Hoops for Hope

Hoops for Hope

Ryan Strollo of Ursuline takes the ball up the court against Peyton Aldridge of LaBrae in the Hope Foundation of the Mahoning Valley’s 2012 Hope Classic: High School Basketball Showcase. Photo Courtesy of Tony Spano.

Ryan Strollo of Ursuline takes the ball up the court against Peyton Aldridge of LaBrae in the Hope Foundation of the Mahoning Valley’s 2012 Hope Classic: High School Basketball Showcase. Photo Courtesy of Tony Spano.

On Dec. 14, the Hope Foundation of the Mahoning Valley will hold its second annual Hope Classic: High School Basketball Showcase at the Struthers Fieldhouse.
Seven area schools — West Branch, Boardman, Struthers, LaBrae, Cardinal Mooney, Warren G. Harding and Niles — will participate in this year’s basketball showcase.
Denver East High School’s girl’s basketball team will also play in the tournament, traveling all the way from Colorado to compete.
Tony Spano, founder and executive director of the Hope Foundation of the Mahoning Valley, said the event contributes to a good cause.
“It raises money for chronically ill kids in the valley. All the money stays here,” he said. “The biggest thing that comes from it is, you are raising money for kids and all the money we make from that event goes back to the foundation.”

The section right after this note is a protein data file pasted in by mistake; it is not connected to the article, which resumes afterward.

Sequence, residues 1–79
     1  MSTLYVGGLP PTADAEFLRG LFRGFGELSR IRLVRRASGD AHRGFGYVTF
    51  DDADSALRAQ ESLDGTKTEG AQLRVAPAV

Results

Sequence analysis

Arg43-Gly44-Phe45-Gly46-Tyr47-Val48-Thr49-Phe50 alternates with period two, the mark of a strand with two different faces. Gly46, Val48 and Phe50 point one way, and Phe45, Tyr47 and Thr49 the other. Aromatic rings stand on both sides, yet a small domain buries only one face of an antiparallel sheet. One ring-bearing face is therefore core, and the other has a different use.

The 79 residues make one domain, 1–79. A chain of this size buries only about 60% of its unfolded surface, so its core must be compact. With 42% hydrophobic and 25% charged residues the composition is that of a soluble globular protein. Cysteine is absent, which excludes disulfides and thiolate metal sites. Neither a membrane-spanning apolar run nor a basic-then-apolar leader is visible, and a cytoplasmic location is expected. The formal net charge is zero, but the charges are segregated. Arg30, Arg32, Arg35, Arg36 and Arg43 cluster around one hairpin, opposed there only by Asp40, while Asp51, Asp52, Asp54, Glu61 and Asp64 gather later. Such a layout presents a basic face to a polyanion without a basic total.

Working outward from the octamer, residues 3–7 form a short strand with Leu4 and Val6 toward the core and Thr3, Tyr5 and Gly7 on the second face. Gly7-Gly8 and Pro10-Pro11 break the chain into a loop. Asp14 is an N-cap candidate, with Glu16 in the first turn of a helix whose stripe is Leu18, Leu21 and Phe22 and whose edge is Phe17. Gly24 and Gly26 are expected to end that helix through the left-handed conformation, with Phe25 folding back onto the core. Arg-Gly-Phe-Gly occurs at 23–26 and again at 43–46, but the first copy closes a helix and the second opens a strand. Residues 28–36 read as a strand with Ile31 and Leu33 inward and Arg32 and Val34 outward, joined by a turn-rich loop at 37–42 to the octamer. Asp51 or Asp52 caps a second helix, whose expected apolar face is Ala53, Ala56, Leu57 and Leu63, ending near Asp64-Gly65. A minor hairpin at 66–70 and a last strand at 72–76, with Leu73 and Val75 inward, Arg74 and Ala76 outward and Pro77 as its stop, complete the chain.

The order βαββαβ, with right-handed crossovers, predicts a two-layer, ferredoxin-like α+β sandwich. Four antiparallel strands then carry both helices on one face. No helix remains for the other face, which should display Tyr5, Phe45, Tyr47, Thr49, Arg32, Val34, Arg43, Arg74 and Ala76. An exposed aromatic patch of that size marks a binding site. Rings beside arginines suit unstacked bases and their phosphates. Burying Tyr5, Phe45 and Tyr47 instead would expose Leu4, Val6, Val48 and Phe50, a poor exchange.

Spano said he expects the basketball showcase to attract over 3,000 spectators and raise between $8,000 and $10,000.
“We have a great following when it comes to this event, we have a lot of community backing because it is something totally different,” Spano said.
Dwight Berry, head coach of the Denver East High School’s girl’s basketball team, said he looks forward to traveling from Colorado to Youngstown with his team.
“Youngstown, Ohio is my hometown,” Berry said. “I had a lot of good things happen to me in order to be in this position and this is my way of saying thank you, and also allowing my family to see what I do.”
For Berry, the Hope Classic is about more than the playing basketball.
“I think this may be the first time that I am not too concerned about winning or losing. I’m just happy about the cause, and I am happy to be coming home,” Berry said. “I just feel like it’s a great opportunity to give back. If I can do my part and get a lot of people to come out and see us, it well help raise a lot of money.”
Spano said that since its foundation in 2007, the Hope Foundation of the Mahoning Valley has experienced growth due to community support.
“If it wasn’t for the support of the community, the board of trustees, the volunteers and the partners, this foundation would not be where it is today. It’s not because of me; it’s because of the community. I’m just one part of an integrative system of support for chronically and terminally ill kids,” Spano said.

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